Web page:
Although coinage of a 20-cent piece had been suggested in the United States as early as 1791, and in neighboring Canada the 20-cent piece had been distributed in quantity in 1858, it was not until February 1874 that the notion of this denomination was translated into reality, this side of the border.
The scenario in 1874 was centered on the West Coast. Small-denomination minor coins, including Indian cents, two-cent pieces, nickel three-cent pieces, and Shield nickel five-cent pieces, had never circulated there to any extent, nor was the silver three-cent piece used in commerce. For this reason, the San Francisco Mint produced none of these denominations. Half dimes were made in San Francisco from 1863 through 1873, when these silver coins were abolished, and most pieces quickly disappeared from circulation, thereby causing a problem:
In 1874 the smallest denomination regularly seen in circulation was the dime or 10¢ piece. If someone wanted to buy an item priced at 10¢ and did not have a dime, and offered 25¢ in payment, he received a Spanish-American silver one-real “bit” (worth 121/2¢) in change. Such coins, once plentiful, had disappeared from circulation in the East, but many were still used in the West. If a 121/2¢ piece was not available, then a merchant was apt to give a dime, facetiously called a “short bit,” as change for a 10¢ purchase. As stated, half dimes were not often seen and thus could not be used readily.
By rather complicated reasoning, if the 20-cent piece became a reality, someone could make a 5¢ purchase, tender a 25¢ piece in payment, and receive a 20¢ piece as change. Or, for a 10¢ purchase a 20¢ piece could be offered, and change of 10¢ would be given.
Perhaps a simpler explanation is that which appeared in the American Journal of Numismatics, July 1875, to the effect that the 20¢ pieces were made to replace Spanish silver coins that still circulated in the West and Southwest.
In February 1874 Senator John P. Jones of Nevada introduced a bill for the 20¢ piece. At the time Nevada was America’s leading silver-producing state. While fortunes from the Comstock Lode in Virginia City, Nevada, had been at a high crest in the 1860s and had prompted the establishment of the Carson City Mint a few miles away from Virginia City, by the 1870s the price of the metal had fallen, and times were difficult. New markets were needed. Certainly, a new silver denomination such as the 20¢ piece would help. Jones in his proposal suggested that the 20¢ piece would facilitate change-making and help eliminate the use of Spanish-American coins.
The New Coin Reaches Circulation
On March 3, 1875 the 20¢ piece became legal. Patterns had been prepared beginning in 1874, a final design had been selected, and coinage began in earnest.
The obverse featured Christian Gobrecht’s motif of Miss Liberty in a seated position, stars surrounding, and the date below.
The reverse displayed a motif by William Barber and depicted a perched eagle, somewhat similar in configuration to that used on the trade dollar, surrounded by UNITED STATES OF AMERICA and the denomination expressed as TWENTY CENTS.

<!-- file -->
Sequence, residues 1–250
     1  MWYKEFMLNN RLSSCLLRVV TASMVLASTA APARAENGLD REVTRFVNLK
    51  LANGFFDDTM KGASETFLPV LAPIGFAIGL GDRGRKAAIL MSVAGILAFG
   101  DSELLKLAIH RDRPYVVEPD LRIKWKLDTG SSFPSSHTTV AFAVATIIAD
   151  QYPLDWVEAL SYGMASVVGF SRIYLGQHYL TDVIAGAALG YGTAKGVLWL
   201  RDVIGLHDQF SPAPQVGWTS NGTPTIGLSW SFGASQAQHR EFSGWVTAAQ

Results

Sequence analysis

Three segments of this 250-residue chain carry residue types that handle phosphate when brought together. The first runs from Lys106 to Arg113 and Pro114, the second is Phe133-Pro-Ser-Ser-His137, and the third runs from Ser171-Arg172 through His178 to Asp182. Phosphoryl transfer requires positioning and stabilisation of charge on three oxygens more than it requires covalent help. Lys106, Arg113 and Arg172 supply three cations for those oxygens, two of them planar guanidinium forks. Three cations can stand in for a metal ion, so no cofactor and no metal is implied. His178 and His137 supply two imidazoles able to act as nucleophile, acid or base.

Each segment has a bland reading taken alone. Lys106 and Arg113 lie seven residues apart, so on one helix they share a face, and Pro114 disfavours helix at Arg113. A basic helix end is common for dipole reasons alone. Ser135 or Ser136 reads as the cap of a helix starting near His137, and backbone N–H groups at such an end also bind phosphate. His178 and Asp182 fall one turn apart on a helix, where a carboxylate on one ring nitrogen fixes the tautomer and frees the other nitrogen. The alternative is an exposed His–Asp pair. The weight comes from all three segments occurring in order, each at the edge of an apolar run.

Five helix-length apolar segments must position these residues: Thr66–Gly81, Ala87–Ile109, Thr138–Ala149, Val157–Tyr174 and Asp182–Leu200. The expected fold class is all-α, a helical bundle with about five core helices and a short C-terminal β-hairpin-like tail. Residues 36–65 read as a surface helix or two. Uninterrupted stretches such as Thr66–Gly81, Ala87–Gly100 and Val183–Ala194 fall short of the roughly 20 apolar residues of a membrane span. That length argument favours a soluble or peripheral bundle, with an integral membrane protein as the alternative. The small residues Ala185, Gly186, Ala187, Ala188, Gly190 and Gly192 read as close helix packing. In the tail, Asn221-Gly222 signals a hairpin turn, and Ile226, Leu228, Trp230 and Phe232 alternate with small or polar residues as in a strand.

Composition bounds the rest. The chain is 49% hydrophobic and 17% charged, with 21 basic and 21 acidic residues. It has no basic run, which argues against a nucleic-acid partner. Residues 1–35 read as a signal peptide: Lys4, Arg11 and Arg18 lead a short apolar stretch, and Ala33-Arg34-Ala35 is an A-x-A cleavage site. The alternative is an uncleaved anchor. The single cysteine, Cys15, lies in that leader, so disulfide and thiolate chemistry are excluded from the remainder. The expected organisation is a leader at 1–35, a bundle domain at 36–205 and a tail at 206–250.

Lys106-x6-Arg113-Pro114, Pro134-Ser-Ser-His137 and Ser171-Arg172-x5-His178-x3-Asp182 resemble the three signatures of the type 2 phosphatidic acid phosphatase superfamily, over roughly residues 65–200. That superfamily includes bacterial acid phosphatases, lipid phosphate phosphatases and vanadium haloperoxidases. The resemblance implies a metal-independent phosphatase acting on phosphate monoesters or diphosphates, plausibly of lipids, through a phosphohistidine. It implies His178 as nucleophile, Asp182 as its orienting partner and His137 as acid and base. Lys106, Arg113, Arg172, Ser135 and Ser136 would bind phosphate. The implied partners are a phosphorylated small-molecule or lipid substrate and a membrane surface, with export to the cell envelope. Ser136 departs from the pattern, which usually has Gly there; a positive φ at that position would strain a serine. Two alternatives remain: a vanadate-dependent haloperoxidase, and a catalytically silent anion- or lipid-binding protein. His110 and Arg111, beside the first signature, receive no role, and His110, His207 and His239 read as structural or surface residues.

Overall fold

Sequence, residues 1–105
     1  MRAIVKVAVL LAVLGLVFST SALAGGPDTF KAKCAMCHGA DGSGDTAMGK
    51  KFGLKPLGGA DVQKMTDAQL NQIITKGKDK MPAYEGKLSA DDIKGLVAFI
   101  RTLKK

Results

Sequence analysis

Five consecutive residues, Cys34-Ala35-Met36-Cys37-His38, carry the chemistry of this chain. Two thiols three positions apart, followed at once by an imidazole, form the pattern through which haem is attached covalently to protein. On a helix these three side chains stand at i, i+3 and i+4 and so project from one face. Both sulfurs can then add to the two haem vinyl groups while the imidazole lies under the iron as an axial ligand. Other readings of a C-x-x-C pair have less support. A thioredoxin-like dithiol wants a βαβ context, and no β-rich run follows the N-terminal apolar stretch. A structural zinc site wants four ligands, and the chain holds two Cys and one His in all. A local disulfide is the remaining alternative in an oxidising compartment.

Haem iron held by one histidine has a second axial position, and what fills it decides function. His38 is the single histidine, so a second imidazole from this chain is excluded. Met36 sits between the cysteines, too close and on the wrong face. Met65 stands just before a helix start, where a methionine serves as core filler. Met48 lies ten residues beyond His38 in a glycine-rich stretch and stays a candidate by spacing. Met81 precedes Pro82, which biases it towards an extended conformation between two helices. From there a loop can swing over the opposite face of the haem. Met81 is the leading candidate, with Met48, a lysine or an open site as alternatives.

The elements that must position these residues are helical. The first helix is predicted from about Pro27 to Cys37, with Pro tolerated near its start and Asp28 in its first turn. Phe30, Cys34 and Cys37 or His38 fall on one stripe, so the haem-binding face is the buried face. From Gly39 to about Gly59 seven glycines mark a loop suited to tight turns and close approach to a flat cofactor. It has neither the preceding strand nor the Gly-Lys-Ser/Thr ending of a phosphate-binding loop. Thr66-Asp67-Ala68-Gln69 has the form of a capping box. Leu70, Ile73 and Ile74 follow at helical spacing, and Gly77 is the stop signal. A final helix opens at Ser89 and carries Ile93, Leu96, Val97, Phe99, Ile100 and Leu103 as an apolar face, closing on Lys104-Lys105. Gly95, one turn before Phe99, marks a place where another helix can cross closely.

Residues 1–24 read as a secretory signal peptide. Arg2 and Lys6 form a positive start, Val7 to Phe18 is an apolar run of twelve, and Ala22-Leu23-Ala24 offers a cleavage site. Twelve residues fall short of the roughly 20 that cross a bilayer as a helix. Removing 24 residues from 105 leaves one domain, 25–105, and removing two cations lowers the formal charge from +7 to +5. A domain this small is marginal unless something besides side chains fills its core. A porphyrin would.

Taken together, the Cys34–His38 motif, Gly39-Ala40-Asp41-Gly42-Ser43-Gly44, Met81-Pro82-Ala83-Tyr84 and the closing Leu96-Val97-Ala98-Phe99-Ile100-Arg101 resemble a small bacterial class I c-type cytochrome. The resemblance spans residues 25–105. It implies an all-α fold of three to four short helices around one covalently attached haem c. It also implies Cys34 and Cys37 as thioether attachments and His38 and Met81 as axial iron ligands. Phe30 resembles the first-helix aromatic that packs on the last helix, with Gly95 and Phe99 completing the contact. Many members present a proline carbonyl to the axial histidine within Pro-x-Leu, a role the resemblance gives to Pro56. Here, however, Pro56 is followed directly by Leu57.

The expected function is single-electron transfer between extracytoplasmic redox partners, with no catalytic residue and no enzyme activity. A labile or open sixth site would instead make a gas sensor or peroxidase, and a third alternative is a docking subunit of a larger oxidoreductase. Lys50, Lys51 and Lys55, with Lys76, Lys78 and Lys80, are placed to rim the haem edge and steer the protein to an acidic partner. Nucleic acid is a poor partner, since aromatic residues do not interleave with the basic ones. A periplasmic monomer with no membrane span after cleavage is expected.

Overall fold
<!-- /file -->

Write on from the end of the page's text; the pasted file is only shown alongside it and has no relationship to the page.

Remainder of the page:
The edge is plain, unlike other silver denominations of the era (which had reeded edges).
At the time there were no silver coins of any kind in circulation in the Midwest and East as specie (gold and silver coin) payments had been suspended by the Treasury Department in 1862, during the Civil War when citizens were hoarding coins, and payments had not yet resumed. Thus, mintage of the new silver 20¢ pieces was concentrated in the Western states, as per these circulation strike mintage figures:
1875 Philadelphia Mint: 36,910 coins.
1875-CC (Carson City Mint): 133,290.
1875-S (San Francisco Mint): 1,155,000.
The Philadelphia Mint coins were not placed into circulation at the time, but the Carson City and San Francisco pieces were.
It was soon realized that just because a coin of this denomination was available, merchants did not necessarily change their habits, and the piece was a failure virtually at its inception. They were immediately confused with quarter dollars of somewhat similar size and design.
Shortly thereafter, the denomination became an object of confusion and derision, and circulation strike coinage declined precipitously. The next year the production figures were as follows:
1876 Philadelphia Mint: 14,640 coins.
1876-CC (Carson City Mint): 10,000.
After that time, coinage of the 20¢ piece was limited to several hundred Proofs each year for collectors, 1877 and 1878, after which the denomination was no more.
In 1878, Senator John Sherman testified before a House committee about the 20¢ piece and said that it had been created “only because Senator Jones asked for it.”
Dr. Henry R. Linderman in his book, Money and Legal Tender, said it was a mistake to introduce the piece, but that it was a proper denomination between a dime and a half dollar and should have been used instead of a quarter dollar. It will be recalled that there is no $25 bill.
A Rarity is Created
Per the earlier quoted figure, 10,000 1876-CC 20-cent pieces were struck. However, by the time they were produced by the Carson City Mint, the denomination was rendered effectively obsolete, so apparently nearly all were melted. The destruction of these coins is probably the subject of the following request written by Mint Director Henry Richard Linderman on May 19, 1877, addressed to James Crawford, superintendent of the Carson City Mint: